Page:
With the officers I had good discourse, particularly of the people at the Cape of Good Hope - of whom they of their own knowledge do tell me these one or two things: viz., that when they come to age, the men do cut off one of the stones of each other, which they hold doth help them to get children the better and to grow fat. That they never sleep lying, but always sitting upon the ground. That their speech is not so articulate as ours, but yet understand one another well. That they paint themselves all over with the grease the Dutch sell them (who have a fort there) and Sutt.

6 January 1662/63 twelfth night

And after dinner to the Dukes house and there saw Twelfth night acted well, though it be but a silly play, and not related at all to the name or day.

Only, myself somewhat vexed at my wife's neglect in leaving of her scarfe, waistcoat, and night-dressings in the coach today that brought us from Westminster, though I confess, she did give them to me to look after - yet it was her fault not to see that I did take them out of the coach. I believe it might be as good as 25s. loss or thereabouts.

9 January 1662/63

At last we were pretty good friends and my wife begun to speak again of the necessity of her keeping somebody to bear her company; for her familiarity with her other servants is it that spoils them all, and other company she hath none (which is too true); and called for Jane to reach her out of her trunk, giving her the keys to that purpose, a bundle of papers; and pulls out a paper, a copy of what, a pretty while since, she had wrote in a discontent to me, which I would not read but burned. She now read it, and it was so picquant, and wrote in English, and most of it true, of the retirednesse of her life and how unpleasant it was, that being wrote in English and so in danger of being met with and read by others, I was vexed at it and desired her and then commanded her to tear it - which she desired to be excused it; I forced it from her and tore it, and withal took her other bundle of papers from her and leapt out of the bed and in my shirt clapped them into the pocket of my breeches, that she might not get them from me; and having got on my stockings and breeches and gown, I pulled them out one by one and tore them all before her face, though it went against my heart to do it, she crying and desiring me not to do it. But such was my passion and trouble to see the letters of my love to her, and my Will, wherein I had given her all I have in the world when I went to sea with my Lord Sandwich, to be joyned with a paper of so much disgrace to me and dishonour if it should have been found by any body. Having torn them all, saving a bond of my uncle Robts. which she hath long had in her hands, and our Marriage=licence and the first letter that ever I sent her when I was her servant, I took up the pieces and carried them into my chamber, and there, after many disputes with myself whether I should burn them or no, and having picked up the pieces of the paper she read today and of my Will which I tore, I burnt all the rest. And so went out to my office - troubled in mind.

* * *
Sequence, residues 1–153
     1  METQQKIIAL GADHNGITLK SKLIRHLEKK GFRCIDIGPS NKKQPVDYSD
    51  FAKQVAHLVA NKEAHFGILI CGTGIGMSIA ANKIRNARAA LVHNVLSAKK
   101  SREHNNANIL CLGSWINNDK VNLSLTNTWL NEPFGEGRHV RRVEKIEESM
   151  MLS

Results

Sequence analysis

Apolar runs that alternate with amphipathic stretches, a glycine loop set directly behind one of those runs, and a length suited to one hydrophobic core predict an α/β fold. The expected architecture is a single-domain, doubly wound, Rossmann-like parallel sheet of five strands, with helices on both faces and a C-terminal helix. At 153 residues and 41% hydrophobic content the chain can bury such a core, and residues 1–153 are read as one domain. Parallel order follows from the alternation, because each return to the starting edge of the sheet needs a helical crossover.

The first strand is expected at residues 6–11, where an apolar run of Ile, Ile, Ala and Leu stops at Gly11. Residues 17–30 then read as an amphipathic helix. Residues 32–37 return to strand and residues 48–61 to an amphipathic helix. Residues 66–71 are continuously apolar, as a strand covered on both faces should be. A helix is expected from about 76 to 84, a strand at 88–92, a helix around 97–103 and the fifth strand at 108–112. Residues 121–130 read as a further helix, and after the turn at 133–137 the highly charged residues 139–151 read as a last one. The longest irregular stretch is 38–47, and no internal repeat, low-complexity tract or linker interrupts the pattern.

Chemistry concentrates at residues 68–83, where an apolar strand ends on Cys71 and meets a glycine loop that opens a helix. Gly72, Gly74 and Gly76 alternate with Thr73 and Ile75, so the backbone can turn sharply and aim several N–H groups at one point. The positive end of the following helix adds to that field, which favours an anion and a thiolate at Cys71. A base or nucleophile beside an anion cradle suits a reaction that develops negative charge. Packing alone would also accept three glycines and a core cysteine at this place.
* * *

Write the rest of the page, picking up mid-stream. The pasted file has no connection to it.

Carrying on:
12 January 1662/63

After dinner to the Change to buy some linen for my wife; and going back, met our two boys; mine had struck down Creedes boy in the dirt, with his new suit on in the dirt, all over dirty, and the boy taken by a gentlewoman into a house to make clean, but the poor boy was in a pitiful taking and pickle; but I basted my rogue soundly.

8 February 1662/63

Whether the wind and the cold did cause it or no, I know not; but having been this day or two mightily troubled with an iching all over my body, which I took to be a louse or two that might bite me - I find this afternoon that all my body is inflamed, and my face in a sad redness and swelling and pimpled; so that I was, before we had done walking, not only sick but ashamed of myself to see myself so changed in my countenance; so that after we had thus talked, we parted and I walked home with much ado ... the ways being so full of ice and water by peoples' trampling. At last got home and to bed presently and had a very bad night of it, in great pain in my stomach and great fever.

9 February 1662/63

Could not rise and go to the Duke, as I should have done with the rest, but keep my bed; and by the apothecary's advice, Mr. Battersby, I am to sweat soundly, and that will carry all this matter away; which nature would of itself eject, but this will assist nature - it being some disorder given the blood; but by what I know not, unless it be by my late great Quantitys of Dantzicke=girkins that I have eaten.
In the evening came Sir J. Mennes and Sir W. Batten to see me. And Sir J. Mennes advises me to the same thing; but would not have me take anything from the apothecary, but from him, his Venice Treakle being better than the others; which I did consent to and did anon take and fell into a great sweat; and about 10 or 11 a-clock came out of it, and shifted myself and slept pretty well alone (my wife lying in the red chamber above);
<<10>> and in the morning most of my disease, that is, itching and pimples, were gone. In the morning visited by Mr. Coventry and others, and very glad I am to see that I am so much enquired after and my sickness taken notice of as I did. I keep my bed all day and sweat again at night, by which I expect to be very well to-morrow.

[Modern medical opinion is that it probably was an allergy to the Danzig gerkins.]